"It's tremendously exciting to be able to treat the diseases that cause devastating strokes--and to be able to treat them with small punctures in the skin, rather than major surgery," said Ted Feldman, MD, FSCAI, director of cardiac catheterization at Evanston Northwestern Healthcare in Evanston, IL, and program chair for the SCAI annual meeting.
Most strokes are like a heart attack that takes place in the brain. A blood clot blocks an artery, cutting off the supply of blood, oxygen, and nutrients to brain cells. In another type of stroke a blood vessel bursts, flooding an area of the brain with too much blood. In either case, brain cells begin to die. Depending on how large the stroke is and which part of the brain is damaged, a person may be left with minor weakness in an arm or leg, or may be paralyzed on one side of the body, or unable to speak.
Some 700,000 Americans suffer a stroke every year. Two out of three are left with some type of permanent disability. But there's good news, too: By some estimates, 80 percent of strokes can be prevented, and an increasing number of treatments are available for patients who have already suffered a stroke.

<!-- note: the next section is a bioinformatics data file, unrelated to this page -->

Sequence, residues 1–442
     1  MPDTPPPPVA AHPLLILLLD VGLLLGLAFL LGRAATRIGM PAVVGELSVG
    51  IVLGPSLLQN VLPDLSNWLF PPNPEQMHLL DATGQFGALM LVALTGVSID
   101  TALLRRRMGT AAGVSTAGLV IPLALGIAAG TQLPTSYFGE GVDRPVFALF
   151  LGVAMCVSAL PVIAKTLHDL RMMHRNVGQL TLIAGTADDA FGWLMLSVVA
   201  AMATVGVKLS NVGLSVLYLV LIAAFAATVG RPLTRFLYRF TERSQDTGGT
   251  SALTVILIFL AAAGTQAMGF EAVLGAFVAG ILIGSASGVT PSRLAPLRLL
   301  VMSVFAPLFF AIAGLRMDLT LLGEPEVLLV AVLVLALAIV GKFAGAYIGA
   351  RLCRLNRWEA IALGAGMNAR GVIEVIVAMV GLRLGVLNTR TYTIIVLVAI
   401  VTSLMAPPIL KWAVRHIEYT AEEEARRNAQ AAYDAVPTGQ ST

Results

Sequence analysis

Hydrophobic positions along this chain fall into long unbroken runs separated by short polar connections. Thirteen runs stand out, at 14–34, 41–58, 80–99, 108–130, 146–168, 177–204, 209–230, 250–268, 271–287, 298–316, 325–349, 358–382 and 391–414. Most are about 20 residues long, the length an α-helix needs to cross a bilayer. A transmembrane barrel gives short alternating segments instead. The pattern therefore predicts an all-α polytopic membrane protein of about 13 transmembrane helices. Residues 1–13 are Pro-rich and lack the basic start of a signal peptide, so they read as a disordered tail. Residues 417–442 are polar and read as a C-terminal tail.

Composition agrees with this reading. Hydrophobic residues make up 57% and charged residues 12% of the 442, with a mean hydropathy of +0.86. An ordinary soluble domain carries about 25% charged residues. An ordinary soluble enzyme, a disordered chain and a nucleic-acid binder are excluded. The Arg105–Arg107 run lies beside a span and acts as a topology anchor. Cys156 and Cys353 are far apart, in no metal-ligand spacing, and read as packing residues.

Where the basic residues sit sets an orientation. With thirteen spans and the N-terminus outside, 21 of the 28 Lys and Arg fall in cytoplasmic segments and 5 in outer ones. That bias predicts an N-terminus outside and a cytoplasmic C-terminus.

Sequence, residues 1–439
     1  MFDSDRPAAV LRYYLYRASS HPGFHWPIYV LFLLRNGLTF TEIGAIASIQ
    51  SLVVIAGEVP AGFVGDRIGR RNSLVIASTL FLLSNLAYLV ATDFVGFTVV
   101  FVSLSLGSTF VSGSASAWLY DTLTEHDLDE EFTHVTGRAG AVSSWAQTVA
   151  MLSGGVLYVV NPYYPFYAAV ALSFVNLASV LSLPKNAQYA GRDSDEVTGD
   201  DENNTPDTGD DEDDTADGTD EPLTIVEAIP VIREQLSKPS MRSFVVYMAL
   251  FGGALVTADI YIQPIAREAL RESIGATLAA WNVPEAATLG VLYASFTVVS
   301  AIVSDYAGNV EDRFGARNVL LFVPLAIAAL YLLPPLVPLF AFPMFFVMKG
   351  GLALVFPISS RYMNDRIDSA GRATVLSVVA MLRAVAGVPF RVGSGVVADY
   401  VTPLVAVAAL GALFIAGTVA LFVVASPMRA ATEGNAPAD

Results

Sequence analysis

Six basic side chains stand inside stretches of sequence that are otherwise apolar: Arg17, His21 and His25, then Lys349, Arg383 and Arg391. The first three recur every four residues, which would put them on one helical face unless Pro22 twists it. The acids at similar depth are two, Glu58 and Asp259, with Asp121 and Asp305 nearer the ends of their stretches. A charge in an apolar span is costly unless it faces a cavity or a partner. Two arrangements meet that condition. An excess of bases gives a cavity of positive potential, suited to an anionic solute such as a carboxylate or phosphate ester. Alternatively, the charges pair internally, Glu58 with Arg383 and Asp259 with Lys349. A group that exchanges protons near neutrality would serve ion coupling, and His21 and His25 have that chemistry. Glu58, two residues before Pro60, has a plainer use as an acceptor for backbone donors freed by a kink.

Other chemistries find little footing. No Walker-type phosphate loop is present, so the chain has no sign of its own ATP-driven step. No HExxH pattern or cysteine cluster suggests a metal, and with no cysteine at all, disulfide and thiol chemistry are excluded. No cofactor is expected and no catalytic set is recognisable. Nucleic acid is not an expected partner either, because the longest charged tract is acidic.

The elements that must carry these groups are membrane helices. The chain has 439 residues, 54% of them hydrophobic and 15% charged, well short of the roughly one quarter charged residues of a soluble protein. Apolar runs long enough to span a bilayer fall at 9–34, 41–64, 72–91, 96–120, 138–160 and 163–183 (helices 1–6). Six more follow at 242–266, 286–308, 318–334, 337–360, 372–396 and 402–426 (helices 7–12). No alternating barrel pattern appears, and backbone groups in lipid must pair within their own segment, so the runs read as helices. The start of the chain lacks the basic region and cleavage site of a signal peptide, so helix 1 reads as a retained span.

Interventional cardiologists are playing a central role in developing new treatments for stroke. Interventional cardiologists treat trouble spots in the heart and blood vessels with tiny balloons and expandable metal stents threaded through the body on the end of a slender tube called a catheter. Catheter treatments require only a small punctur
Contact: Kathy Boyd David
Society for Cardiovascular Angiography and Interventions